Topographic map of the Bass Strait
A topographic map of the Bass Strait, showing the conditions before the Bassian Land Bridge was submerged. The yellow shaded area represents geography of the land bridge, while the broken red line indicated the last vestige of a continuous Bassian Land Bridge between Tasmania and the mainland. Patrick Nunn, Author provided

People continued to live on this “land bridge”, but by 12,700 years ago it had narrowed to just 5 kilometres wide (lime-green shading on the map above). Habitable land was gradually reduced as the sea closed in. Less than 300 years later, the “land bridge” was gone and Lutruwita was completely surrounded by water.

Palawa traditions from that time survived hundreds of generations of retelling, forming part of a larger canon of Aboriginal and Torres Strait Islander stories around Australia. They described rising seas and submerging coastlines as the ice sheets melted before levelling off around 7,000 years ago. Stories of similar antiquity are known from other parts of the world.


Read more: Ancient Aboriginal stories preserve history of a rise in sea level


A great south star

Aboriginal and Torres Strait Islander cultures developed rich and complex knowledge systems about the stars, which are still used today. They describe the movements of the Sun, Moon, and stars, as well as rare cosmic events, such as eclipses, supernovae, and meteorite impacts.

In the 1830s, a Palawa Elder spoke about a time when the star Moinee was near the south celestial pole. He laid down a pair of spears in the sand and drew a few reference stars to triangulate its position.


Read more: Stories from the sky: astronomy in Indigenous knowledge


Colonists seemed perplexed about the presence of an antipodean counterpart to Polaris, as no southern pole star exists today. Some tried to identify the stars on the star map, but seemed confused and labelled them incorrectly, as they were unaware of an important astronomical process called axial precession.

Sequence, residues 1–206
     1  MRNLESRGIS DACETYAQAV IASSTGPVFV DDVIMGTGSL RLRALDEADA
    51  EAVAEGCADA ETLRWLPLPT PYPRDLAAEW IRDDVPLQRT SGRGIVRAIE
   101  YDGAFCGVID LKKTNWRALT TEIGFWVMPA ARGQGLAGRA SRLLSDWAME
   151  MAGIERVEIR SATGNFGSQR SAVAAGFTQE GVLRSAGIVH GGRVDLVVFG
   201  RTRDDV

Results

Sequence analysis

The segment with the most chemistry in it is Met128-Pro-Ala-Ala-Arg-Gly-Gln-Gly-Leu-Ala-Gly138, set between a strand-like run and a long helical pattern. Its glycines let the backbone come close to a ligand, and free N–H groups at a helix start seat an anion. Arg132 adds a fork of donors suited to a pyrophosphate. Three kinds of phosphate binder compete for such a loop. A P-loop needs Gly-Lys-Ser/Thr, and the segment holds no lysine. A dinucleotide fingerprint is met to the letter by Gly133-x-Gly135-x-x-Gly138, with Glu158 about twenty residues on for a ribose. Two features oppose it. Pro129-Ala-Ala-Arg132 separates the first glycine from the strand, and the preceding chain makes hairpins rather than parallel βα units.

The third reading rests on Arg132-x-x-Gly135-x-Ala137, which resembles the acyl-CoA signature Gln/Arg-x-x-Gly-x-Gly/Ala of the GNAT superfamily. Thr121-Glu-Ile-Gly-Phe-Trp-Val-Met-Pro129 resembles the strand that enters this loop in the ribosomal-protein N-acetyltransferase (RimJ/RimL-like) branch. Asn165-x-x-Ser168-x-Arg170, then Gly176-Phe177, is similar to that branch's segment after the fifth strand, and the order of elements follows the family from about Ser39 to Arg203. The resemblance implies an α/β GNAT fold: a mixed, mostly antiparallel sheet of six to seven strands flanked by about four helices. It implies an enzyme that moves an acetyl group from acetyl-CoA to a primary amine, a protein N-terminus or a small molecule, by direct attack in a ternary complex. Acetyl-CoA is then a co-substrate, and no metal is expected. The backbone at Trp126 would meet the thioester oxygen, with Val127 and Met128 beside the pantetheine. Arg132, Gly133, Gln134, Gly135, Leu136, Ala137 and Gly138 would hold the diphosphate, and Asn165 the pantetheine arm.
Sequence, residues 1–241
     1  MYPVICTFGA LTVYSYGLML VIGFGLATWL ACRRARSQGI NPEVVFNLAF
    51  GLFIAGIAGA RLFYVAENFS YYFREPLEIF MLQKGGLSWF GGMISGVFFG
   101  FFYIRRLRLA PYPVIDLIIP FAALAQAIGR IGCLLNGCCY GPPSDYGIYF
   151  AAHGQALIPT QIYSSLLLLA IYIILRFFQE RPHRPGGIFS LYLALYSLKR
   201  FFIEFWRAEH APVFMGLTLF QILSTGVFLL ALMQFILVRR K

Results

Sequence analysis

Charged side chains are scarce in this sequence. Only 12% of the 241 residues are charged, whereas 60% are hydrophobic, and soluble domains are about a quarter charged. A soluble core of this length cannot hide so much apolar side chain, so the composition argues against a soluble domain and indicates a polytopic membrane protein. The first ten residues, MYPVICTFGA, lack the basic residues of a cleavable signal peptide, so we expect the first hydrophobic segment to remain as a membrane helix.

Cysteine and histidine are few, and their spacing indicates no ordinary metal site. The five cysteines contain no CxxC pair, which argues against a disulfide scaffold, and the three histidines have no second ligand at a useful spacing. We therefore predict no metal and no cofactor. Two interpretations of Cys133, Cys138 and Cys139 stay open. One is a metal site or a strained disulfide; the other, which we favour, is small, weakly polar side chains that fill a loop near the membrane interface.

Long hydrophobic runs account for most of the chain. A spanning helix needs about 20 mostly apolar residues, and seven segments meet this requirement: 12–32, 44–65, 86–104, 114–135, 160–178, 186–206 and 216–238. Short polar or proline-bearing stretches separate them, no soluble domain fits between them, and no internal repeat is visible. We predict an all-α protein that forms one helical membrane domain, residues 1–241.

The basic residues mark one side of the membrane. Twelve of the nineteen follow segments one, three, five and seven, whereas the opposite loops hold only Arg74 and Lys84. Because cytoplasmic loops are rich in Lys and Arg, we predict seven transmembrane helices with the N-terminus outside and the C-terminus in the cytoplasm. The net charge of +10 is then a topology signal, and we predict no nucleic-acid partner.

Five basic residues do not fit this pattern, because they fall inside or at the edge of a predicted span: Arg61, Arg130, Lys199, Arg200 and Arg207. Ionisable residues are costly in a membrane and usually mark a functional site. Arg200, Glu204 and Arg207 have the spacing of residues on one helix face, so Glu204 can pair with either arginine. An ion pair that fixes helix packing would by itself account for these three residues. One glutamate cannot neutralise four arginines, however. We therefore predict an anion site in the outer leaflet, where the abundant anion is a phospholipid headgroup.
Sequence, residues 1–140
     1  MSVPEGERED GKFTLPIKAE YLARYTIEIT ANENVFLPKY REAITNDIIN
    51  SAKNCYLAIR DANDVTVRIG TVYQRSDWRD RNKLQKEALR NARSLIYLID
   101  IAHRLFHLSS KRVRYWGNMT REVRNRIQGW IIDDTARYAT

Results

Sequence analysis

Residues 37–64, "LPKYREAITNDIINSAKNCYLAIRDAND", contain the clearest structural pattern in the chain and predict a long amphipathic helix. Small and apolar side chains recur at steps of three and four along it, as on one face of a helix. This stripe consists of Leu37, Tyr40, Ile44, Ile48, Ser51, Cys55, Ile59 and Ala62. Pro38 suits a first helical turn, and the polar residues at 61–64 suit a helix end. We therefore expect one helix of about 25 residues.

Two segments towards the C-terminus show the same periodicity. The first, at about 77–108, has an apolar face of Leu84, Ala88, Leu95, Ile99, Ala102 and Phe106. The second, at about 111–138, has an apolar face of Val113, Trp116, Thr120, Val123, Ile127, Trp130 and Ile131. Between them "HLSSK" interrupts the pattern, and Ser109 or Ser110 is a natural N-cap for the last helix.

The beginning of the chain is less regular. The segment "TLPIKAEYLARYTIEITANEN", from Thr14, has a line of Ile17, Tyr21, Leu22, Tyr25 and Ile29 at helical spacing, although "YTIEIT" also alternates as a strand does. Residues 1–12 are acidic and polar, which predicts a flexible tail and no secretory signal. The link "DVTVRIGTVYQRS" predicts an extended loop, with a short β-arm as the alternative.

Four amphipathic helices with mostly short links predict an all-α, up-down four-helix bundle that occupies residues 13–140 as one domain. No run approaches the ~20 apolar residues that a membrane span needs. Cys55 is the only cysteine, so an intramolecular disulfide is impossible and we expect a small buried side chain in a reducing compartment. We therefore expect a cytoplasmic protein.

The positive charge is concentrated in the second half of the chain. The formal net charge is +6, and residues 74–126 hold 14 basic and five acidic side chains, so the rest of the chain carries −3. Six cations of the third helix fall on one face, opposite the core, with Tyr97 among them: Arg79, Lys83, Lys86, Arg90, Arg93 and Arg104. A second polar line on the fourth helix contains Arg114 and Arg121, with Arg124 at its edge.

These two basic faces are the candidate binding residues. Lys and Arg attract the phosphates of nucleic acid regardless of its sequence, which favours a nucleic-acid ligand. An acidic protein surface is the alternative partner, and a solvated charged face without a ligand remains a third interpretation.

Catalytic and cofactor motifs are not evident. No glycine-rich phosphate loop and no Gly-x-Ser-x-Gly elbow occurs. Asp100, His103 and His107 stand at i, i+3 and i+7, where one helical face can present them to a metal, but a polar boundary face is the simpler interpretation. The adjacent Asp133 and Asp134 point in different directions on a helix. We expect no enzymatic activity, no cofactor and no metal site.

As the Earth rotates, it wobbles on its axis like a spinning top. This shifts the location of the celestial poles, tracing out a large circle every 26,000 years. As thousands of years pass by, the positions of the stars in the sky slowly change.


Read more: Stars that vary in brightness shine in the oral traditions of Aboriginal Australians


Long ago, Canopus was at its southernmost point in the sky. Lying just over 10 degrees from the south celestial pole, it appeared to always hover in the southern skies each night. That last occurred 14,000 years ago, before rising seas turned Lutruwita into an island.

A star map showing the location of Canopus 14,000 years ago.
Stars in the southern sky as they would have appeared 14,000 years ago, accounting for precession, nutation, and proper motion. Canopus is very close to the south celestial pole (SCP). Stellarium, CC BY

Exciting collaborative futures

We can see through independent lines of evidence that Palawa stories have been passed down for more than twelve millennia. We also find here the only example in the world of an oral tradition describing a star’s position as it would have appeared in the sky over 10,000 years ago.

Our investigation of colonial records that record traditional systems of knowledge has demonstrated a powerful cross-cultural way of better understanding deep human history. This also recognises the immense value of Aboriginal and Torres Strait Islander traditions today.


This research was co-authored by graduate Michelle Gantevoort from RMIT University, and student researchers Ka Hei Andrew Law from the University of Melbourne and Mel Miles from Swinburne University of Technology.